74 Thompson, Marianne Meye, The Incarnate Word: Perspectives on Jesus in the Fourth Gospel (Peabody, MA: Hendrickson, 1988), pp. 78, 117–28.

75 In line with the usage thus far of ‘docetism’, I am using ‘Ebionitism’ in a synchronic or ahistorical manner. Recognising the difficulties surrounding historical appellations of heresy to particular groups of Christians, this is nonetheless the widely accepted terminology to refer to the christological tendency to downplay or reject the divine nature of Christ. Adams (Reality of God, p. 211) uses the term ‘methodological Arianism’ for this same phenomenon among historical Jesus scholars, but it seems to me Ebionitism is more precise. Below I use Eutychianism in a similar fashion, to denote the christological tendency to combine or confuse the divine and human natures, thereby positing a tertium quid, which is neither.

76 Wright, Challenge, p. 3.

77 Meier, Marginal Jew, vol. 1, p. 199.

78 Another way of construing this would be to say that even if the divine nature is not explicitly denied (i.e. Ebionitism), the natures are conceived of as discrete subjects open to different modes of analysis (resulting in Nestorianism). Thus, the divine nature is at least bracketed out and the human nature is treated on its own. Cf. Riches, Aaron, Ecce Homo: On the Divine Unity of Christ (Grand Rapids, MI: William B. Eerdmans, 2016).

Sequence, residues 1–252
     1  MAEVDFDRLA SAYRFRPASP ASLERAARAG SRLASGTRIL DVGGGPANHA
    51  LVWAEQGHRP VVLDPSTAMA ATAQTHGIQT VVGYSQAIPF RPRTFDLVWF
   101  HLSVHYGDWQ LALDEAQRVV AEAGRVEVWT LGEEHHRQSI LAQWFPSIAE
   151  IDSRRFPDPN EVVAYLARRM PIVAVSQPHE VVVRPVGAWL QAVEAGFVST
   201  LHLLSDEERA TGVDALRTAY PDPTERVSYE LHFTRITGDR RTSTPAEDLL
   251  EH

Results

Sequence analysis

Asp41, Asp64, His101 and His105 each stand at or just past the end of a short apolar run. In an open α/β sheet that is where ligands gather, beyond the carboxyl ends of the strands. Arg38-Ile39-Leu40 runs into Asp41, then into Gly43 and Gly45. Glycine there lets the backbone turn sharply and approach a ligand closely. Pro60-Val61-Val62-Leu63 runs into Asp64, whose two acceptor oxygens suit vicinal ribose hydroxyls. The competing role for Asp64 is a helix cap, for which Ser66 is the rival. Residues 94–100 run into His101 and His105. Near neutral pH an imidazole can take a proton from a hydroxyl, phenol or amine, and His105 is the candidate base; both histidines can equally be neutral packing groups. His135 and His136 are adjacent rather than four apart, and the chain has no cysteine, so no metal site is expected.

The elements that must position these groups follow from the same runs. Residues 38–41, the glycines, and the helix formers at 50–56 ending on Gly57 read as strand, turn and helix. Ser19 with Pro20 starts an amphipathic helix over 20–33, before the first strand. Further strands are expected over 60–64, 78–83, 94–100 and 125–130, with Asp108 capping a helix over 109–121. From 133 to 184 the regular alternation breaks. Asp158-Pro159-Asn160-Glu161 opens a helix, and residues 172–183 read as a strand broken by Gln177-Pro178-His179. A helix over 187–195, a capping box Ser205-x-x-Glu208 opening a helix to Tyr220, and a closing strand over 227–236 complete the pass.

79 Wright, JVG, p. 8.

80 An explicit example of a quantitative delineation of divinity and humanity can be found in Bart Ehrman's work. He argues that the Gospels should be read against a background in which humanity and divinity were not thought of as qualitatively distinct, but as existing along two ‘overlapping’ continuums. See Ehrman, How Jesus Became God, p. 4.

81 Allison, Dale C. Jr., The Historical Christ and the Theological Jesus (Cambridge: William B. Eerdmans, 2009), p. 89; Borg, Marcus J., Jesus a New Vision: Spirit, Culture, and the Life of Discipleship (San Francisco: HarperSanFrancisco, 1987), pp. 48; Wright, ‘A Biblical Portrait of God’, p. 27; Wright, The Challenge of Jesus, p. 3.

82 At the end of Witherington's book-length study on Jesus’ self-understanding, he concludes somewhat vaguely that ‘I think [Jesus] implied that he should be seen not merely as a greater king than David but in a higher and more transcendent category’ (The Christology of Jesus, p. 276). This reveals quite clearly the need for richer language and terminology around this issue.